When I asked Gentz about this approach, as well as their extensive time working on RPGs, I wanted to know more about the skills he had developed while in those positions. The answer I got had more nuance than I expected.

I think everyone who enters into the TTRPG space is already becoming a designer. By engaging in collaborative play and storytelling, the line between audience member and participant present in virtually all other media is obliterated. The most common thing to hear when you ask someone about their game they’re running is that it's some form of “homebrew”! Although people seem to inherently understand they can and must tear apart their engine and rearrange to however they wish, in our current culture of Designer Board Games and Roleplaying Games, there is still a mystique and stratification I’m not wholly comfortable with. People can and should be encouraged.

The other part of that is the community. From Game Jams on Itch.io or the 200 Word RPG Challenge to smaller cons like the amazing Metatopia, people are listening and sharing with each other, and that is the beating heart of any community. Level 1 and 9th Level Games have been so generous and kind in their support. I simply would not be here without them.

Gentz is not wrong. It is why when you speak to a lot of veteran players of TTRPGs, the process can feel less like advanced academia and something closer to freeform jazz. It is why even prewritten modules are undeniably different experiences from group to group.

A Tonal Shift chart from Under The Autumn Strangely showing a triangle of The Traveler, The Arcadian, and The Terror
I can only imagine the playtesting this took.

Under The Autumn Strangely - Tonal Shifts and Shared Experiences

But Gentz also understands that mutual consent is essential as well. A self-identified structuralist, Gentz emphasizes that an RPG should not just introduce the tools needed for the experience, but instruct players in their use. This isn't a game with regimented and static monster encounters and a GM that knows and adjudicates everything, it is a shared experience where you are encouraged to embrace the serendipitous and the surreal where everyone at the table has a chance to be the narrator.

I need the inhabited world to have slightly off-putting and hallucinogenic qualities, like giant turkeys or fish that fish. That requires a certain stream-of-consciousness and if you make everything canon or predictable, then very quickly you run into the Memorizing the Monster Manual problem, and the experience no longer becomes novel or strange. Thus the importance of tools and the described use of those tools.

It is in that last part that Under The Autumn Strangely's most unique mechanic was discussed. There are three different roles in this TTRPG: The Traveler, The Arcadian, and The Terror. Players can play multiple characters that fall into one of these three roles. The Travelers are the people completely foreign to The Never Was, the strangers that simply wish to return home. The Arcadian represents the denizens of this place; strange and foreign but not overtly hostile. Finally, The Terror is the dark and threatening force, one that sows suspicion and augurs Death.

 
 

The idea is that players can rotate between roleplaying these various elements throughout a session, applying a rock-paper-scissors element to various tonal shifts in the story. This allows players to steer the ship into darker or lighter territory as the comfort levels of the table allows. A scary or disturbing scene can easily shift to one of whimsy – the Pottsfield episode of Over The Garden Wall is a great example of this.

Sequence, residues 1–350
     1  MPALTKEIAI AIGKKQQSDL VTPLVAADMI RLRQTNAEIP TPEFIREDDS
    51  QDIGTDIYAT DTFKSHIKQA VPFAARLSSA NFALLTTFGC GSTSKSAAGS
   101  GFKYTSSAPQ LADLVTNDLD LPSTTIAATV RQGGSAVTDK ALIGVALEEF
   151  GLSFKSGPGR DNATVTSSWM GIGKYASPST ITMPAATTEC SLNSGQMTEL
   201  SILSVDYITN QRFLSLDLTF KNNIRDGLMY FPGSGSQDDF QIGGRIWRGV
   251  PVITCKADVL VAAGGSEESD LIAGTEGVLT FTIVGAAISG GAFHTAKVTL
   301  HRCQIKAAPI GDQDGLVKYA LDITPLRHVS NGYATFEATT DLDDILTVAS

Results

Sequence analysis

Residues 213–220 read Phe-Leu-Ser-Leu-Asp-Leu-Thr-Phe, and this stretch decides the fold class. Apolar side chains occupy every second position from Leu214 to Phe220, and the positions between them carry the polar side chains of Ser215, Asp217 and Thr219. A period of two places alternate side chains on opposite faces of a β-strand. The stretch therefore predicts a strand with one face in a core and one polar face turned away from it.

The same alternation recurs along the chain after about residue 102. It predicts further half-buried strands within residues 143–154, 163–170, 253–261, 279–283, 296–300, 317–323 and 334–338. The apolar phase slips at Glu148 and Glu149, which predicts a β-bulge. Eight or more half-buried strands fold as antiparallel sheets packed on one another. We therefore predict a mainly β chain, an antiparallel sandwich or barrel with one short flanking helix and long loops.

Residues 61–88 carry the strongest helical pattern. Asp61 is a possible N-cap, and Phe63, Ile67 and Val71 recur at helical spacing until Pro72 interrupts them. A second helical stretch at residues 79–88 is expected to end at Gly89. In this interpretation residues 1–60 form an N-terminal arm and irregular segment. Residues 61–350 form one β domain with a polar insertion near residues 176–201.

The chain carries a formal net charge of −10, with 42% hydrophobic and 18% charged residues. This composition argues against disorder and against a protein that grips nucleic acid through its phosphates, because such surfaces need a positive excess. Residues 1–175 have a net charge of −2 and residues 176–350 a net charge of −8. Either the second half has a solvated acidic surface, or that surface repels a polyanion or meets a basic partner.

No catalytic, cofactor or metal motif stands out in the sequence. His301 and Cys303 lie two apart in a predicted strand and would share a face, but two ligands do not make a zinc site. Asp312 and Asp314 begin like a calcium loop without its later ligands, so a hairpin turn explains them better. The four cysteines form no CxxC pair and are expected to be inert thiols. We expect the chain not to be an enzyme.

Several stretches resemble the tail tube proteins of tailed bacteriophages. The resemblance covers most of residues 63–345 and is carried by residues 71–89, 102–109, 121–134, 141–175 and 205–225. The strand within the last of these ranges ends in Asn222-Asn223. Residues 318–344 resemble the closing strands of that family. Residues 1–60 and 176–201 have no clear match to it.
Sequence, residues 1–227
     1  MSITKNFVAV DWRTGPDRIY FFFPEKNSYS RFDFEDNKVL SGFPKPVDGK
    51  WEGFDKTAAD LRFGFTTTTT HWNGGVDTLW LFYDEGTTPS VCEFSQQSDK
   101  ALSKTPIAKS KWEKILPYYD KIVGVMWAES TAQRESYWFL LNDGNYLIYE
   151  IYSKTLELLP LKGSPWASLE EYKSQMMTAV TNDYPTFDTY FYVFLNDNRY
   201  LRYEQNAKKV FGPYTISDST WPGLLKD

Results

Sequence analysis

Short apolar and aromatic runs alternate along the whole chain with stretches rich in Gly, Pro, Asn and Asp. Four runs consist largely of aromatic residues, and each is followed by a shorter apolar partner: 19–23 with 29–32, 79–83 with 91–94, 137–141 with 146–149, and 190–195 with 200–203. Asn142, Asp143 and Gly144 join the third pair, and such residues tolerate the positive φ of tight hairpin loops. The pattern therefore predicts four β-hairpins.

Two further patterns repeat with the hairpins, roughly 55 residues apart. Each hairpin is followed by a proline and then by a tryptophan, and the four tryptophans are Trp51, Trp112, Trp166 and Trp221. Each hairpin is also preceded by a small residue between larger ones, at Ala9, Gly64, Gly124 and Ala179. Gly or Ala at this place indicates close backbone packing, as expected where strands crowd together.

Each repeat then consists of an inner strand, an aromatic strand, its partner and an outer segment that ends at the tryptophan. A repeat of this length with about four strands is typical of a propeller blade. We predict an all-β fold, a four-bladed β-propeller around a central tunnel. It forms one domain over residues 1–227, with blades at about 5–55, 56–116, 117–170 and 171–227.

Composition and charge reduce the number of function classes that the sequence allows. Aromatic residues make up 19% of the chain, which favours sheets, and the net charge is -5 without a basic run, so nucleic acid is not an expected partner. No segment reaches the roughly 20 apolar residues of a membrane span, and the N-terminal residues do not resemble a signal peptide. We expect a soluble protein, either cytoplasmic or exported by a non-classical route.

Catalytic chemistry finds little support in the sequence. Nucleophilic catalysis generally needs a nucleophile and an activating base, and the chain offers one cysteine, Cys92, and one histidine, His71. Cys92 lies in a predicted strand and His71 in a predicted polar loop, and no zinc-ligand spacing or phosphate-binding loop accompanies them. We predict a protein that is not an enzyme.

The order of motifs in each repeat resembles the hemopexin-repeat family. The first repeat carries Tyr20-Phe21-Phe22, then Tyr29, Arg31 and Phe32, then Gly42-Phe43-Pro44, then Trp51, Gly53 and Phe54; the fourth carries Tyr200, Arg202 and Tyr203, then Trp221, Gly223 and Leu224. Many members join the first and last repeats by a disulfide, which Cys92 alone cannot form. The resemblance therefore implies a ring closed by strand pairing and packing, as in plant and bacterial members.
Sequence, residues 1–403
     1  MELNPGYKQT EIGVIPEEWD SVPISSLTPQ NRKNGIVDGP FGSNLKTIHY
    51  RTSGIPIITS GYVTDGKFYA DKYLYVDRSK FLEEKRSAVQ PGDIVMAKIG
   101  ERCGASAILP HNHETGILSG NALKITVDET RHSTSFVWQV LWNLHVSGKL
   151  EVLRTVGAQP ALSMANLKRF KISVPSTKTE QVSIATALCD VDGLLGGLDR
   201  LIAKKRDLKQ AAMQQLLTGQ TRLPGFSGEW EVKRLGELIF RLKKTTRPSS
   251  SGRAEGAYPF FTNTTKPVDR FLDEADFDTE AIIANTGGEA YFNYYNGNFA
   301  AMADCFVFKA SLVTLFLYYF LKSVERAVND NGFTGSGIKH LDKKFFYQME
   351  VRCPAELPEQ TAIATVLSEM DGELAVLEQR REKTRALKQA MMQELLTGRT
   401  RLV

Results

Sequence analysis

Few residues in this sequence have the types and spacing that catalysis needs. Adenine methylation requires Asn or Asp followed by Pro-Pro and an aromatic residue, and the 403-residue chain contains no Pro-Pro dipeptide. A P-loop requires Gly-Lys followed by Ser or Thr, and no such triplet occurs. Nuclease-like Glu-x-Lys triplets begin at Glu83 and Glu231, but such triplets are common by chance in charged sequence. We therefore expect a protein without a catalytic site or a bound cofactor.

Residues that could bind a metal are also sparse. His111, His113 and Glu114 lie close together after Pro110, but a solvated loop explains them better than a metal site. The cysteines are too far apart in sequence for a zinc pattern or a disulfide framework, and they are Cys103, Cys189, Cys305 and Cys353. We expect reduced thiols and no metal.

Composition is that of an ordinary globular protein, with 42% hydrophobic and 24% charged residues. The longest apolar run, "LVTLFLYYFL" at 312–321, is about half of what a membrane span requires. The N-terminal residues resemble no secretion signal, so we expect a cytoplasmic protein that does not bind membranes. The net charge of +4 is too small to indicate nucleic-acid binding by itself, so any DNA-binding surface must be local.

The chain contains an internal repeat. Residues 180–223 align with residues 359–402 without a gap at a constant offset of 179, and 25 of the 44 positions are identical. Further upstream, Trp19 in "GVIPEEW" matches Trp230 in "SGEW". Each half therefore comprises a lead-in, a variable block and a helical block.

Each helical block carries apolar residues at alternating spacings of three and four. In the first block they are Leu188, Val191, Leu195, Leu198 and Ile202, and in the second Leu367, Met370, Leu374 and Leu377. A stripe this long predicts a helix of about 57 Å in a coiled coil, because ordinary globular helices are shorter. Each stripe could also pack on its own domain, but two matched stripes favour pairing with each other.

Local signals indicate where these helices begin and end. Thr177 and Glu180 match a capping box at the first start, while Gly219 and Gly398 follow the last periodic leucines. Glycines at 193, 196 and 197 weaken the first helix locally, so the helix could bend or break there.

So broadly, I favor GMless or shared/rotating GM games. Part of this is tied into my distaste for power structures, like the designer thing, but also placing the facilitator on some kind of Gygaxian Tower “above” the other players. The other part is that I find these styles are the most satisfying to play since they teach or encourage creativity and collaboration within players and foster, I think, the best environment for an exciting and unexpected experience

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The other “Ah ha!” I had was thinking about the nature of that collaboration-- or lack of it-- when players in a roleplaying game don’t agree on tone, style, stakes, anything that Safety Tools and conversations about intentionality create. I have so many personal experiences at tables where the players rebelled because the game was too dark, or an aggressive Dungeon Master tried to squeeze the PCs in little boxes because it was “their game”

Of course, getting this system to work is easier said than done. Allowing players to dictate the tone and flow of an experience sounds great on paper, but what happens when all players constantly choose the path of least resistance? In a more conventional TTRPG experience, one where the GM is the sole arbiter of challenge and stakes, escalating tension is easy. When in doubt, just crank the CR or tweak everything's stats behind the scenes. But when everyone has an equal chance at narration and shaping things, how those roles interconnect and interact is crucial.

Over The Garden Wall is so much more than just the creepy parts. And there are also countless other horror-horror TTRPGs made to create those experiences of helplessness or isolation, like the exceptional 10 Candles. My goal was to make a structure both capable of reflecting the personal taste of the players at their table, but also make the relational tools to highlight every piece as equally important and integral to the shared space being created.

This is where I think why Under The Autumn Strangely saw the success it had with its Kickstarter campaign. Many people have fond or even surreal experiences associated with the Autumn season, be it from a harvest festival, going to a carnival spookhouse, or even just bonding with relatives over the newest sports season.

Adding in that touch of the fantastic just makes the various elements all the more pronounced. The harvest has come in, people return to old haunts to reconnect only to witness them slowly change into something unrecognizable. The land seems to die with the falling of tree leaves and the fields now scoured; the bitter cold and darkness on the way. But while the mind wanders to matters macabre and unsettling, it's always tempered by the memory of a warm blanket, a roaring fire, or a hot drink in your hand.

The Kickstarter campaign for Under The Autumn Strangely has concluded, however late pledges via Backerkit will be implemented soon.